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Lane Stadium/Worsham Field is a stadium located in Blacksburg, Virginia. It is the home field of the Virginia Tech Hokies. It was rated the number one home field advantage in all of college football in 2005 by Rivals.comLane Stadium is located at the highest elevation of any Division I Football Bowl Series school stadium in the eastern United States, at 2057 feet above sea level.==History=====Beginning===In 1963, Stuart K. Cassell, namesake of Cassell Coliseum and a former school administrator, proposed building a larger stadium to replace Miles Stadium, a 17,000-seat stadium. Construction of Lane Stadium began in April 1964. It took a total of four years to complete construction. However, the first game in the new stadium was played in 1965, when VT beat William & Mary 9–7. At the game, only the west stands and center section of the east bleachers were completed. It wasn't until the summer of 1968 that construction was completed on Lane Stadium, with an official cost of $3.5 million. This brand new stadium seated 35,050 which featured a press box for guests, writers, stats crew-members, scouts and coaches. - Source: Wikipedia
Saturday's game comes four days after the school marked the six-year anniversary of a shooting on campus that left 33 dead.
Previewing Saturday's D.C.-area college football.
Logan Thomas threw for two touchdowns — the second a 7-yarder to Randall Dunn in overtime — and ran for another score to help Virginia Tech keep its bowl hopes alive with a 30-23 comeback win over Boston College on Saturday.
By his own admission, Virginia Tech football coach Frank Beamer can't pinpoint one primary weakness that has held back the Hokies' sputtering offense this season.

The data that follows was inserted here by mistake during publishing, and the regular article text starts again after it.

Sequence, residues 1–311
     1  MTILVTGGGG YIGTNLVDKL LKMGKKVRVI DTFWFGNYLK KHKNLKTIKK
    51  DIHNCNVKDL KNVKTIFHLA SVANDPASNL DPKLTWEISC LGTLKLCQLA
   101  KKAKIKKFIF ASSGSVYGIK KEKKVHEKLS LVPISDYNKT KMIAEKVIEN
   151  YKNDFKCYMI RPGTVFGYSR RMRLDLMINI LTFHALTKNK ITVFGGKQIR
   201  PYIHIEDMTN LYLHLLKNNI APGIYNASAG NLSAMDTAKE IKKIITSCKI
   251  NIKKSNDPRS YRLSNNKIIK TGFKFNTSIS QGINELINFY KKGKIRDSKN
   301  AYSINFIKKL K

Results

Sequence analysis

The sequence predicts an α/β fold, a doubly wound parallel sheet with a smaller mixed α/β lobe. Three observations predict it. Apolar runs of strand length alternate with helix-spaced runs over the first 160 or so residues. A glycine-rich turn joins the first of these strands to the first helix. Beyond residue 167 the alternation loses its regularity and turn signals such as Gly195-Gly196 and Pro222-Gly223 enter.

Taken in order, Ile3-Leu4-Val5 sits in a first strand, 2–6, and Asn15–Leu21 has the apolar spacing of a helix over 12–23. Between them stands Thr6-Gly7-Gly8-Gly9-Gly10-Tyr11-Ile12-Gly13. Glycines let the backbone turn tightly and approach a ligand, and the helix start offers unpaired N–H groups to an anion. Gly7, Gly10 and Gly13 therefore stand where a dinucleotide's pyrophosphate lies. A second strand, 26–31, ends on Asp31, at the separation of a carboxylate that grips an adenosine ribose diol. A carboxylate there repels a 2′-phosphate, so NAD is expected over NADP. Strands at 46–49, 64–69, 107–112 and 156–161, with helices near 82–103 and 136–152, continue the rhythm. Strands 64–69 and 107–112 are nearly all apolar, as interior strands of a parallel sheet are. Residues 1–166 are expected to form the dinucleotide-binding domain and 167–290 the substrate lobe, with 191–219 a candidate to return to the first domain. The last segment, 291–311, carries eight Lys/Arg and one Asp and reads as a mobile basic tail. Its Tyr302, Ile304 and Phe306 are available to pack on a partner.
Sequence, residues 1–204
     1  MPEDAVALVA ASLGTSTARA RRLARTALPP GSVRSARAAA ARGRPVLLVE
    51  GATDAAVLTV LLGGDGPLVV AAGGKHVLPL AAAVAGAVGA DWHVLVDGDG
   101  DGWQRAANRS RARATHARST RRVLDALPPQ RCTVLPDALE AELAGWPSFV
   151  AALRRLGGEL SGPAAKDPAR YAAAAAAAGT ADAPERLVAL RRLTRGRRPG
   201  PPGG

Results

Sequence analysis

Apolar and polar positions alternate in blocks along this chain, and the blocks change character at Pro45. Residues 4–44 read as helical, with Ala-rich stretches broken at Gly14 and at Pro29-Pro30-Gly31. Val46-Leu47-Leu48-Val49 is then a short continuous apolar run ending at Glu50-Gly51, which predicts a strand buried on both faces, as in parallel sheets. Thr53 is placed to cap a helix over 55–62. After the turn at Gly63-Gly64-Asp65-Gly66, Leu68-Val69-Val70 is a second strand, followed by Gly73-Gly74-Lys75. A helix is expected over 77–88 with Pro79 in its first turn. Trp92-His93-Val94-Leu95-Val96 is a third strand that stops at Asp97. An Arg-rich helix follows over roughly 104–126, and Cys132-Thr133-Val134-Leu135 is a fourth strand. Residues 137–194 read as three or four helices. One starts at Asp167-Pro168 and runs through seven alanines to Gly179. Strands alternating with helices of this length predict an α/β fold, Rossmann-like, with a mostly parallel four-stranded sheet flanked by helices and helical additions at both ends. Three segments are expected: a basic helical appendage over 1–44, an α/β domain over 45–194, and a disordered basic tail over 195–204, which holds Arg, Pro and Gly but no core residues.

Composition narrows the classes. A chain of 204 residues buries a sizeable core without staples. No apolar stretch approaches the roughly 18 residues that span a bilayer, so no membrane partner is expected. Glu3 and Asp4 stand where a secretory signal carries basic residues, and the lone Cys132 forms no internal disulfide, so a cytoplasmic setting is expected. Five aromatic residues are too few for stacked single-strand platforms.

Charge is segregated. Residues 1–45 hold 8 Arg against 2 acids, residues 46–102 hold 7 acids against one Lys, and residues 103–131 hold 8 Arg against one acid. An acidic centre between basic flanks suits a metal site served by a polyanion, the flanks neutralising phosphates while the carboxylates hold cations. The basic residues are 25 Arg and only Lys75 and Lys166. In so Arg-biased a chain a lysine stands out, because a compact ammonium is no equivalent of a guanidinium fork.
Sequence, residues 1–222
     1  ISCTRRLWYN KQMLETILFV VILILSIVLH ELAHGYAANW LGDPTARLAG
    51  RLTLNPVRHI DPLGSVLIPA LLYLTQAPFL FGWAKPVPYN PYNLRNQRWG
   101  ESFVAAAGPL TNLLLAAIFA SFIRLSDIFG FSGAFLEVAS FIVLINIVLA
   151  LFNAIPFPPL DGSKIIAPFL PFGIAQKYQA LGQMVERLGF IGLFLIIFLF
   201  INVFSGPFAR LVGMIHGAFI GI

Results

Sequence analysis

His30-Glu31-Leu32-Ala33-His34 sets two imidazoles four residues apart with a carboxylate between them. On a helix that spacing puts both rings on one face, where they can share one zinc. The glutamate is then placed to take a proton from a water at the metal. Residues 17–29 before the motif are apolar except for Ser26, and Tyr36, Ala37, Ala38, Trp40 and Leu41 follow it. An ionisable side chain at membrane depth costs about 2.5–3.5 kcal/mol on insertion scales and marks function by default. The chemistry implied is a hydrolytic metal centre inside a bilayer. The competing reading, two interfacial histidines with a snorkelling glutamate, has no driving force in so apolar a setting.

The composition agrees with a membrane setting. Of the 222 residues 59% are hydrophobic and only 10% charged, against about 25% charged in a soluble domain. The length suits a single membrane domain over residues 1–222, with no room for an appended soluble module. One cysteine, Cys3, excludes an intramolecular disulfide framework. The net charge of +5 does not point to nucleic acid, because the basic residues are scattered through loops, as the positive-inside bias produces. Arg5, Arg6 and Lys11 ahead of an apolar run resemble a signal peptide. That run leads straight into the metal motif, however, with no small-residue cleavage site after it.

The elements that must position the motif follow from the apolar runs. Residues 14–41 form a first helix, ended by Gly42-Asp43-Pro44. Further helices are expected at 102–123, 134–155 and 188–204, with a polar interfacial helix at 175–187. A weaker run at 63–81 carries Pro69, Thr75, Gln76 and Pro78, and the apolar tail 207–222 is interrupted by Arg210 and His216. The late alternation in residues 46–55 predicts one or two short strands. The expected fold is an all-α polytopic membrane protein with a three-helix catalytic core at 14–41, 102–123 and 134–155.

Previewing this weekend's college football action.
A week ago, Pittsburgh was tougher than Virginia Tech. Logan Thomas wasn't going to let it happen again. Instead of ducking out of bounds at the end of an otherwise irrelevant 3-yard run in the second quarter, the Hokies' junior quarterback lowered his shoulder and barreled over Bowling Green defensive end Charlie Walker.
Jeff Williams wasn't turning off the TV. The Giles High School football coach and 1989 Virginia Tech graduate wanted to see the end of Virginia Tech's Monday night game against Georgia Tech. He wanted to see his alma mater pull out a key victory.
Virginia Tech's offense underwent an offseason transformation. Longtime receiving stalwarts Jarrett Boykin and Danny Coale graduated. Four offensive linemen departed. Tailback David Wilson turned pro and was selected at the end of the NFL Draft's first round.
J.C. Coleman didn't wait to hear from the trainers or coaches. After suffering a fracture in his right hand during practice Friday, Coleman made it clear he'd be available to participate full speed in Saturday's Virginia Tech football scrimmage at Lane Stadium.
Virginia Tech is in talks with Old Dominion about playing a football series, Hokies athletic director Jim Weaver said Friday, though the two sides do not have a contract or dates yet.
Kyle Fuller knows about the history of "Beamer Ball," the way Frank Beamer's Virginia Tech teams used to turn the tide of football games with blocked kicks and big returns.
Veteran players lamented the lost opportunity to perform for fans. Coaches complained of missed evaluation time, especially for the backups. But Saturday's cancelation of the annual Virginia Tech spring football game because of storms apparently did little to dampen recruits' enthusiasm for the Hokies' program.
Demitri Knowles apparently was one of the last Hokies to find out. Told that the maroon team, for which he'll be a wide receiver, will start Saturday's annual Virginia Tech football spring game at Lane Stadium down 21 points, the redshirt freshman was taken aback.
Virginia Tech's offensive football coaches have repeatedly called their unit a work in progress this spring and insisted the players are doing the work to improve.
Virginia Tech believes its defensive linemen can be giants. Or at least play like them.